The history of fish and chips: a timeline
The origins of fish and chips is not entirely clear. Fried fish was first introduced and sold by East End Jews, while chips first took off in Lancashire and Yorkshire. But we may never know who was the first to bring the magical combination together.
Originally, Western Sephardic Jews settling in England in the 17th century would have prepared fried fish in a manner similar to ‘Pescado frito’, which is coated in flour. Battered fish is coated in flour and dipped into a batter consisting of flour mixed with liquid, usually water but sometimes beer. Some newer modifications to the recipe may add cornflour, and sometimes use soda water instead of beer.
The potato came to the British Isles in the sixteenth century. While there is an ongoing dispute between France and Belgium about where ‘fries’ were invented, fried potato chips have long been popular in England. William Kitchiner's cookbook The Cook's Oracle, first published in 1817, includes the earliest known recipe for something similar to today's potato chips.
1860? - According to some the first fish and chip shop was opened in London by Joseph Malin who sold "fish fried in the Jewish fashion"
1863? - Alternatively, it is believed that entrepreneur John Lees was selling fish and chips out of a wooden hut at Mossley market in industrial Lancashire, near Oldham.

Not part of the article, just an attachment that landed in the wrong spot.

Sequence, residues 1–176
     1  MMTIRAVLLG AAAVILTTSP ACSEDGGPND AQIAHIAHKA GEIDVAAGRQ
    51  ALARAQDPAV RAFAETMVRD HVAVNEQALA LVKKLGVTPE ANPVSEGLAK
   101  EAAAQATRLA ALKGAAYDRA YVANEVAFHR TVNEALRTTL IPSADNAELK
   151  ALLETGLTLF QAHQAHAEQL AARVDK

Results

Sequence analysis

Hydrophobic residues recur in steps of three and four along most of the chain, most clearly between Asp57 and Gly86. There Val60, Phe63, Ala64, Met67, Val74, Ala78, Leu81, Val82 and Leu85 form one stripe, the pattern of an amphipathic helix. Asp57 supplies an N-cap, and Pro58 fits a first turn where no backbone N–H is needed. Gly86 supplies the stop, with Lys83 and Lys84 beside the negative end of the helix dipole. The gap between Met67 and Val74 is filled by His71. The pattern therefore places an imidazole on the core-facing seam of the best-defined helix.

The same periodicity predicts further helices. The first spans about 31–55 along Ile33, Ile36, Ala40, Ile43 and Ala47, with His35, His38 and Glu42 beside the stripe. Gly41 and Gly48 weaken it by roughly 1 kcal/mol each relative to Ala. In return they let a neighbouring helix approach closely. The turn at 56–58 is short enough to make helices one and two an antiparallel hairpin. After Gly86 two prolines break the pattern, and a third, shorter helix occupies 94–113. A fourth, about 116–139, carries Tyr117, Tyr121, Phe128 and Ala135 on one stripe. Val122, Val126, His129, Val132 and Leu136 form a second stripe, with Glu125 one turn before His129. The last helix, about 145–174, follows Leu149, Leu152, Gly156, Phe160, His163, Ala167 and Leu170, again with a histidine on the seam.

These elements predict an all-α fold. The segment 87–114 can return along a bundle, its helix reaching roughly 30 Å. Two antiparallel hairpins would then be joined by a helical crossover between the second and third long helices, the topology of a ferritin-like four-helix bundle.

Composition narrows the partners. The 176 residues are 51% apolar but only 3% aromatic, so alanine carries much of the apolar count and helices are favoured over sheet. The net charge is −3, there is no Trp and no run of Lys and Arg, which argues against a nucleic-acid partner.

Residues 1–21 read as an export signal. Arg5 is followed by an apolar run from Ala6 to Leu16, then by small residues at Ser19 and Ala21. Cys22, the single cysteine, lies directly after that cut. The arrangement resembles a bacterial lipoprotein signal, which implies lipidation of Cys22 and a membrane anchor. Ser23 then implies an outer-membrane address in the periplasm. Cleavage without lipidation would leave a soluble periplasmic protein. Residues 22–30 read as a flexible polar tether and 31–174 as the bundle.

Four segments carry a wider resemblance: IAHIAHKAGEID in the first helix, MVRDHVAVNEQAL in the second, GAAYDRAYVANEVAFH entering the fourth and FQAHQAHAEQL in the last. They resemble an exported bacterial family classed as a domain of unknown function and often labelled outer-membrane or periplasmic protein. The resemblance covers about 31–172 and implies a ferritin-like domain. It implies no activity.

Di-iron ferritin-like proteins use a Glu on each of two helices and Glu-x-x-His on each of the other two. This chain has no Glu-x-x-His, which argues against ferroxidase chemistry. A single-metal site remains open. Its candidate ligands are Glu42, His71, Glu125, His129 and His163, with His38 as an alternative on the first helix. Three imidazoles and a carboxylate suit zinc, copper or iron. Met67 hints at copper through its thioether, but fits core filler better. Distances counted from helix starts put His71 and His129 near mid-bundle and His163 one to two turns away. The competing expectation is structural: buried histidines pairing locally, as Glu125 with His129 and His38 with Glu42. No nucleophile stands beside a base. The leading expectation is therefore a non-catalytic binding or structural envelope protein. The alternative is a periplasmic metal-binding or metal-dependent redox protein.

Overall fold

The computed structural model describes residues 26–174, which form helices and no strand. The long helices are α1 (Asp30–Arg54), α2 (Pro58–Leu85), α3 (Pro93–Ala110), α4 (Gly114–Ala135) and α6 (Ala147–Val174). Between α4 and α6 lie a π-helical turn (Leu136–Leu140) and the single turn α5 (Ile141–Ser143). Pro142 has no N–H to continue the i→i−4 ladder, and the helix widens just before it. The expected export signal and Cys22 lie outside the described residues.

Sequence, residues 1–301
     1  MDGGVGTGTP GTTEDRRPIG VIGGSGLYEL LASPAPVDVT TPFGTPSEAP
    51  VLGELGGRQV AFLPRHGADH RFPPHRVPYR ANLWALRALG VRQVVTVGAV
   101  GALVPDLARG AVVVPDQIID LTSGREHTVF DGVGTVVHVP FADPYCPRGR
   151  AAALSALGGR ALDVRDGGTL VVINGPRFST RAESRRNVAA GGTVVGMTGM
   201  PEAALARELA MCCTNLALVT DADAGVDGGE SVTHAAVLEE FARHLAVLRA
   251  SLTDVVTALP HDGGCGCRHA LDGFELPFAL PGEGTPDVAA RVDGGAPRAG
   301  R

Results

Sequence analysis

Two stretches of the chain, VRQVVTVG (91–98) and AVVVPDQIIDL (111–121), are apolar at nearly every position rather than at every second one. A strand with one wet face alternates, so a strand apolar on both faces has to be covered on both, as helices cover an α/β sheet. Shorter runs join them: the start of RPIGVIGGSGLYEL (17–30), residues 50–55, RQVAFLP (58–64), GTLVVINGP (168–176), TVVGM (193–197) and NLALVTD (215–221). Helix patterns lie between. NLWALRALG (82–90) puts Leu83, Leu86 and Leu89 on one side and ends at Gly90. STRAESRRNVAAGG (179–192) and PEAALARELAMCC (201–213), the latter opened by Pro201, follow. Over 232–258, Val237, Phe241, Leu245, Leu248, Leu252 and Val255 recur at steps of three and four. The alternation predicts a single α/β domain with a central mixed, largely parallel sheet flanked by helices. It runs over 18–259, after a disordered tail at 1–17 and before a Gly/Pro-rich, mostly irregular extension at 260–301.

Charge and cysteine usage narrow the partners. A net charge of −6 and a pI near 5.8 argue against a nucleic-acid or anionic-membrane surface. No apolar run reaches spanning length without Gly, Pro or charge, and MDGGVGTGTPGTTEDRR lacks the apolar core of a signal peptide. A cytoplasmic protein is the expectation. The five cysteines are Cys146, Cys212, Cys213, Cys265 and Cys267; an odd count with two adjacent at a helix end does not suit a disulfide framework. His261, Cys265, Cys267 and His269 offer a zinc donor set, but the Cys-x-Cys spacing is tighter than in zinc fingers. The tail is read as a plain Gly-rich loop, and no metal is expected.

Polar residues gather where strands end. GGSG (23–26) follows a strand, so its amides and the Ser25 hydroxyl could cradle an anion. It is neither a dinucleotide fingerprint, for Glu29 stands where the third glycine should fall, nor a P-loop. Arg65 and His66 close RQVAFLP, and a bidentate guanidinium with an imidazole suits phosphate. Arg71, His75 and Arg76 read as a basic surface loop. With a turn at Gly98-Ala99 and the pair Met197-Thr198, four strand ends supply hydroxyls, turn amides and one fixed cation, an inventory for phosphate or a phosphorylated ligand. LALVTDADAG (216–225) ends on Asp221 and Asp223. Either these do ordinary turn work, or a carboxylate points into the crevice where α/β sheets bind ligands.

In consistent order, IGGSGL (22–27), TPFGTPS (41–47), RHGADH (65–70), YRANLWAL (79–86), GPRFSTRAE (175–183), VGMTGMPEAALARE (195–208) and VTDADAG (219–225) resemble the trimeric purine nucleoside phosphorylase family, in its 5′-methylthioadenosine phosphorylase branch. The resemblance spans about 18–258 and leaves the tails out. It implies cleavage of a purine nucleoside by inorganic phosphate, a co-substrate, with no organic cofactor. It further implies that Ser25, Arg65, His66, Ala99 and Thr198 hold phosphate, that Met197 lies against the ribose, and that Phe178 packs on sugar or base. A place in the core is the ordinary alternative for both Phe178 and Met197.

1875-77 - The earliest purpose built fishing vessels were designed and made by David Allan in Leith in March 1875, when he converted a drifter to steam power. In 1877, he built the first screw propelled steam trawler in the world.
1899 - Alfred Hitchcock was born. As a boy he lived above a fish and chip shop in London, which was the family business.
1937 - In The Road to Wigan Pier, George Orwell wrote about fish and chips as the first among the home comforts that helped keep the masses happy and "averted revolution".
1939 – 1945 - During World War II, ministers made sure fish and chips were one of the few foods that were never rationed.
1980s - Portions were often wrapped in old newspaper to keep prices down. This practice survived as late as the 1980s when it was ruled unsafe for food to come into contact with newspaper ink without grease-proof paper in between.
These days, burgers, fried chicken, pizza, Indian and Chinese dishes all now compete with fried fish. However, the dish is still highly popular - especially at the seaside.
Banner image: West Bay, Dorset, 1996 © Martin Parr / Magnum Photos